FREE SCRIPTING GUIDE

Advanced Bash-Scripting Guide

Chapter 30. Network Programming

 

The Net's a cross between an elephant and a white elephant sale: it never forgets, and it's always crap.

--Nemo

A Linux system has quite a number of tools for accessing, manipulating, and troubleshooting network connections. We can incorporate some of these tools into scripts -- scripts that expand our knowledge of networking, useful scripts that can facilitate the administration of a network.

Here is a simple CGI script that demonstrates connecting to a remote server.

Example 30-1. Print the server environment

#!/bin/bash
# test-cgi.sh
# by Michael Zick
# Used with permission

# May have to change the location for your site.
# (At the ISP's servers, Bash may not be in the usual place.)
# Other places: /usr/bin or /usr/local/bin
# Might even try it without any path in sha-bang.

# Disable filename globbing.
set -f

# Header tells browser what to expect.
echo Content-type: text/plain
echo

echo CGI/1.0 test script report:
echo

echo environment settings:
set
echo

echo whereis bash?
whereis bash
echo


echo who are we?
echo ${BASH_VERSINFO[*]}
echo

echo argc is $#. argv is "$*".
echo

# CGI/1.0 expected environment variables.

echo SERVER_SOFTWARE = $SERVER_SOFTWARE
echo SERVER_NAME = $SERVER_NAME
echo GATEWAY_INTERFACE = $GATEWAY_INTERFACE
echo SERVER_PROTOCOL = $SERVER_PROTOCOL
echo SERVER_PORT = $SERVER_PORT
echo REQUEST_METHOD = $REQUEST_METHOD
echo HTTP_ACCEPT = "$HTTP_ACCEPT"
echo PATH_INFO = "$PATH_INFO"
echo PATH_TRANSLATED = "$PATH_TRANSLATED"
echo SCRIPT_NAME = "$SCRIPT_NAME"
echo QUERY_STRING = "$QUERY_STRING"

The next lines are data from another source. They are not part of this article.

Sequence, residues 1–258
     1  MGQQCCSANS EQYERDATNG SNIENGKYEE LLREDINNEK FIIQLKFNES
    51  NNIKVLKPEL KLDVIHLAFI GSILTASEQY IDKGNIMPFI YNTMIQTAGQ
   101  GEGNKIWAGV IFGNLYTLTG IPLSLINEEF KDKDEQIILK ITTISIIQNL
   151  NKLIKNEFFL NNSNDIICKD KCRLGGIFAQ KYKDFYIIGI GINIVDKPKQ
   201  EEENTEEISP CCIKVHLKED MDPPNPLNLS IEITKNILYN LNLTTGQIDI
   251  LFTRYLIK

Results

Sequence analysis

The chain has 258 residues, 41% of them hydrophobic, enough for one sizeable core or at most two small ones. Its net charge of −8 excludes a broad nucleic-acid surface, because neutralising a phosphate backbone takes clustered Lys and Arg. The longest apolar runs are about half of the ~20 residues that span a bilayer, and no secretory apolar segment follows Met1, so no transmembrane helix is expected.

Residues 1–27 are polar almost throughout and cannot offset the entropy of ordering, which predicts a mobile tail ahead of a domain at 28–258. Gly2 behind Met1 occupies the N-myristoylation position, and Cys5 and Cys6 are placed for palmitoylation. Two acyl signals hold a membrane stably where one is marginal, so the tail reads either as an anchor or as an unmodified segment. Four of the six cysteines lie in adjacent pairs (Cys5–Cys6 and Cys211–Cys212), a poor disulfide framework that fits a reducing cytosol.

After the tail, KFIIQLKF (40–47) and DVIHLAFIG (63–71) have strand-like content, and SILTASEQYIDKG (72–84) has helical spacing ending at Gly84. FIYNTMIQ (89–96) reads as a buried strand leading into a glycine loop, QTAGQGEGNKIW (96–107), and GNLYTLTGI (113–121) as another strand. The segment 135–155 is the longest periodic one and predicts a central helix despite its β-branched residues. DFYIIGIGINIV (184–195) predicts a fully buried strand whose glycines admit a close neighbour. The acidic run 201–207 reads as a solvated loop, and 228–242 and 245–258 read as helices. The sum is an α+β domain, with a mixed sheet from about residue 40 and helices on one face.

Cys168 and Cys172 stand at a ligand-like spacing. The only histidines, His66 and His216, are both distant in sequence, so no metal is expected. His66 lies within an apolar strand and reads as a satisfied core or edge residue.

echo REMOTE_HOST = $REMOTE_HOST
echo REMOTE_ADDR = $REMOTE_ADDR
echo REMOTE_USER = $REMOTE_USER
echo AUTH_TYPE = $AUTH_TYPE
echo CONTENT_TYPE = $CONTENT_TYPE
echo CONTENT_LENGTH = $CONTENT_LENGTH

exit 0

# Here document to give short instructions.
:<<-'_test_CGI_'

1) Drop this in your http://domain.name/cgi-bin directory.
2) Then, open http://domain.name/cgi-bin/test-cgi.sh.

_test_CGI_

For security purposes, it may be helpful to identify the IP addresses a computer is accessing.

Example 30-2. IP addresses

#!/bin/bash
# ip-addresses.sh
# List the IP addresses your computer is connected to.

#  Inspired by Greg Bledsoe's ddos.sh script,
#  Linux Journal, 09 March 2011.
#    URL:
#  http://www.linuxjournal.com/content/back-dead-simple-bash-complex-ddos
#  Greg licensed his script under the GPL2,
#+ and as a derivative, this script is likewise GPL2.

connection_type=TCP      # Also try UDP.
field=2           # Which field of the output we're interested in.
no_match=LISTEN   # Filter out records containing this. Why?
lsof_args=-ni     # -i lists Internet-associated files.
                  # -n preserves numerical IP addresses.
		  # What happens without the -n option? Try it.
router="[0-9][0-9][0-9][0-9][0-9]->"
#       Delete the router info.

lsof "$lsof_args" | grep $connection_type | grep -v "$no_match" |
      awk '{print $9}' | cut -d : -f $field | sort | uniq |
      sed s/"^$router"//

#  Bledsoe's script assigns the output of a filtered IP list,
#  (similar to lines 19-22, above) to a variable.
#  He checks for multiple connections to a single IP address,
#  then uses:
#
#    iptables -I INPUT -s $ip -p tcp -j REJECT --reject-with tcp-reset
#
#  ... within a 60-second delay loop to bounce packets from DDOS attacks.


#  Exercise:
#  --------
#  Use the 'iptables' command to extend this script
#+ to reject connection attempts from well-known spammer IP domains.

More examples of network programming:

  1. Getting the time from nist.gov

  2. Downloading a URL

  3. A GRE tunnel

  4. Checking if an Internet server is up

  5. Example 16-41

  6. Example A-28

  7. Example A-29

  8. Example 29-1

See also the networking commands in the System and Administrative Commands chapter and the communications commands in the External Filters, Programs and Commands chapter.